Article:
ROME (Reuters) - Italy’s justice minister ordered an investigation on Monday into comments to the media by the judge who reinstated murder convictions for U.S. student Amanda Knox and her former boyfriend Raffaele Sollecito.
Alessandro Nencini, who last Thursday sentenced Knox to 28 years and six months and Italian Sollecito to 25 years in jail for the 2007 murder of British student Meredith Kercher, spoke to several Italian newspapers the morning after the verdict.
Sollecito’s lawyers said the comments showed the judge had been biased against their client and had violated the legal maxim that jury deliberations remain secret. They asked Italy’s judicial governing body to consider disciplinary action and queried whether the court’s decision was still valid.
Nencini’s comments were made before the court issued its full judgment, the ‘motivations’ that in Italy are published within 90 days of a verdict, explaining how the court reached its decision. But he appeared to hint at what the document would contain.
He indicated that Sollecito’s decision not to be questioned in court might have influenced the decision, described how the jurors asked him to clarify things they had seen about the case on television, and said the crime happened in “a night between young people” when “no one had anything to do”.
Justice Minister Annamaria Cancellieri ordered an “initial investigation” into the comments. Nencini defended himself in further comments to press, saying he had spoken off-the-cuff and had not intended to appraise the strategy of the defense.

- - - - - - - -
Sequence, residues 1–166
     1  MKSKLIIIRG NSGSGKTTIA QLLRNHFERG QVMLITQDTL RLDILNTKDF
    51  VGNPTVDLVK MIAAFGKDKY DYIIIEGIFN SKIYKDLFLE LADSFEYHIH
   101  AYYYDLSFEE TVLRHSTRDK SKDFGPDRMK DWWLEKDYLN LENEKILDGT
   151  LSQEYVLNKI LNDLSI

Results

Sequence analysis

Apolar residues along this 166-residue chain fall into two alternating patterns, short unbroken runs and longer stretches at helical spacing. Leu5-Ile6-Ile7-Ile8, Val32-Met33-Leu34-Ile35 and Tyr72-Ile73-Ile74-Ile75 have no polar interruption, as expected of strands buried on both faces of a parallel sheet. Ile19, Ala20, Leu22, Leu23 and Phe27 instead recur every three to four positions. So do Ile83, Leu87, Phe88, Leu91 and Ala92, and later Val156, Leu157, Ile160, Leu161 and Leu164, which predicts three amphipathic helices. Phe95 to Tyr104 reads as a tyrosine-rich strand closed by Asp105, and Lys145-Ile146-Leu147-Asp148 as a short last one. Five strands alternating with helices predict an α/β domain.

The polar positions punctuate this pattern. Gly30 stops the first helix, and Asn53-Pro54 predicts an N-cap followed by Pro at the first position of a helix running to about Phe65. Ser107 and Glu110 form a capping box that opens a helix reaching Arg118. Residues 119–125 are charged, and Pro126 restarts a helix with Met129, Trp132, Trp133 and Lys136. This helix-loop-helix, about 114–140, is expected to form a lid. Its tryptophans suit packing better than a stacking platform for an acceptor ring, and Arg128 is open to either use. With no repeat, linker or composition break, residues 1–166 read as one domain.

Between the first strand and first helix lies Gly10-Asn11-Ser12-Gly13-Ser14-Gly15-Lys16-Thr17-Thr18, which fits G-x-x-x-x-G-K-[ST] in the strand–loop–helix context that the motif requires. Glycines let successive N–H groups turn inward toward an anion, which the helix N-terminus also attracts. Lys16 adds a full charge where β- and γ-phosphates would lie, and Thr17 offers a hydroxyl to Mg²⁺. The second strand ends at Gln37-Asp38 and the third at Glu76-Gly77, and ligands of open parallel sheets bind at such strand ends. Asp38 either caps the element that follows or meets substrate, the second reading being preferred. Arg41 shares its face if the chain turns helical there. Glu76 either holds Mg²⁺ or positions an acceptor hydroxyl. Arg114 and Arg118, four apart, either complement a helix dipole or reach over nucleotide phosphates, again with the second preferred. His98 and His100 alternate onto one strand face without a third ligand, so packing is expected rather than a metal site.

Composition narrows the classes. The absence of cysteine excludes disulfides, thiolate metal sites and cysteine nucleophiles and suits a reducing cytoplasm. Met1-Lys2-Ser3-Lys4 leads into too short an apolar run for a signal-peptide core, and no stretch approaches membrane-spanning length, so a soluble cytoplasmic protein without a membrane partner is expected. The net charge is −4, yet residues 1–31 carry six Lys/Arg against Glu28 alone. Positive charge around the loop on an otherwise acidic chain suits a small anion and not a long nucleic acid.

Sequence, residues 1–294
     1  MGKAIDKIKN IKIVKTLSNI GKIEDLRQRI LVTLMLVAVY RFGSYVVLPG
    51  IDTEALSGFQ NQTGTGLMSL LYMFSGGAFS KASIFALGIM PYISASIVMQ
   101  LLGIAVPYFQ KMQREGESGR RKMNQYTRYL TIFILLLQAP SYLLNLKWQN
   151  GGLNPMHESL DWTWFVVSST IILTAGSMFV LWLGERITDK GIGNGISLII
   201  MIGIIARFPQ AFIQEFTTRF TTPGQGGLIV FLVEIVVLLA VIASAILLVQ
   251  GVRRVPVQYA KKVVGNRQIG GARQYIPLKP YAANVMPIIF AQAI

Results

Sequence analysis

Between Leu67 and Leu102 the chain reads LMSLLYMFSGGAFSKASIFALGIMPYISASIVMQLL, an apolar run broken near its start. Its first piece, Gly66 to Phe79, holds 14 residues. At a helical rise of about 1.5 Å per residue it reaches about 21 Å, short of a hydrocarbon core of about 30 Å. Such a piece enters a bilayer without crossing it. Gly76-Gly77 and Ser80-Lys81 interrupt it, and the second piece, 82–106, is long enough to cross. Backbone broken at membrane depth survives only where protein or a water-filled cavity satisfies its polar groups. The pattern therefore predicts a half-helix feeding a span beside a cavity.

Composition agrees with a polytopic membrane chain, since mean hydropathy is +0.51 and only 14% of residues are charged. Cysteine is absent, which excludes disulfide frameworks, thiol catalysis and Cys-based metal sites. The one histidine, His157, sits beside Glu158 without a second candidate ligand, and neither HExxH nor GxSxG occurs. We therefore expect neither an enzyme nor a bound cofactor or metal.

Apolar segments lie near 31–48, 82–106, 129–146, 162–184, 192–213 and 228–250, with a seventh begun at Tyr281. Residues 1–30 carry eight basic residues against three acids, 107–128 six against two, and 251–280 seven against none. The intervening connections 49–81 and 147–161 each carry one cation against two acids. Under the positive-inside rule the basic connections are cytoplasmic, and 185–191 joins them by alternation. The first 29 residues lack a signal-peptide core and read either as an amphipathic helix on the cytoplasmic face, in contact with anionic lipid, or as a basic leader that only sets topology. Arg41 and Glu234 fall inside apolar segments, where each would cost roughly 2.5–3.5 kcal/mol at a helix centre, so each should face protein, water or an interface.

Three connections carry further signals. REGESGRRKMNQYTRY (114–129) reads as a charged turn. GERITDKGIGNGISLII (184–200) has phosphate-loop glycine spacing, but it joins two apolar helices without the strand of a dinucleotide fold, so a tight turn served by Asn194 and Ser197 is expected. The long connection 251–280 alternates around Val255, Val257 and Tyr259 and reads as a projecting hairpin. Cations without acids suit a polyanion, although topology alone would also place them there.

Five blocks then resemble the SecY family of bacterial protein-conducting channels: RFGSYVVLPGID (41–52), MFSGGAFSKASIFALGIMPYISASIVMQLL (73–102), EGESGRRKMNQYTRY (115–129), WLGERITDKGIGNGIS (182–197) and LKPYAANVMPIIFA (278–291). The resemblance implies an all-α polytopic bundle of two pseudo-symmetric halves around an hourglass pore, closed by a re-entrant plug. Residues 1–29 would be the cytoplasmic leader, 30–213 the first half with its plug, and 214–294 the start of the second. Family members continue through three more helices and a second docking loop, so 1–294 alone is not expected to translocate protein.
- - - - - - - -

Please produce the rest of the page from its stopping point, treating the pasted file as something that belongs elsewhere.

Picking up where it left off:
The trial process to find those responsible for killing Kercher, found stabbed to death aged 21 in the apartment she shared with Knox in the town of Perugia where both were exchange students, has stretched on for six years and has divided opinion in Italy, Britain and the United States.
Commonly viewed as a villain in Italy, Knox is widely seen in the United States as the victim of a faulty justice system. Views in Kercher’s country, Britain, are mixed and her family said last week they may never know the truth about her death.
It is not the first time the trial process has been accused of missteps. Defense lawyers in the appeal said police had botched the initial investigation.
First convicted in 2009, Sollecito and Knox were cleared on appeal, but Italy’s highest court ordered a retrial due to what it said were inconsistencies in the acquittal.
The latest appeal reinstated the initial convictions, but will not be final unless it is confirmed by the highest court in the final phase of Italy’s three-level justice system.
Sollecito’s passport has been confiscated but he is free to travel within Italy pending a definitive sentence.
Knox has remained in her hometown of Seattle since being freed in 2011 after almost four years in jail, and would have to be extradited to serve any sentence.
One person is already in jail for the crime: Ivory Coast-born Rudy Guede, who is serving a 16-year sentence for the murder and sexual abuse of Kercher. Judges ruled he did not act alone.
Editing by Robin Pomeroy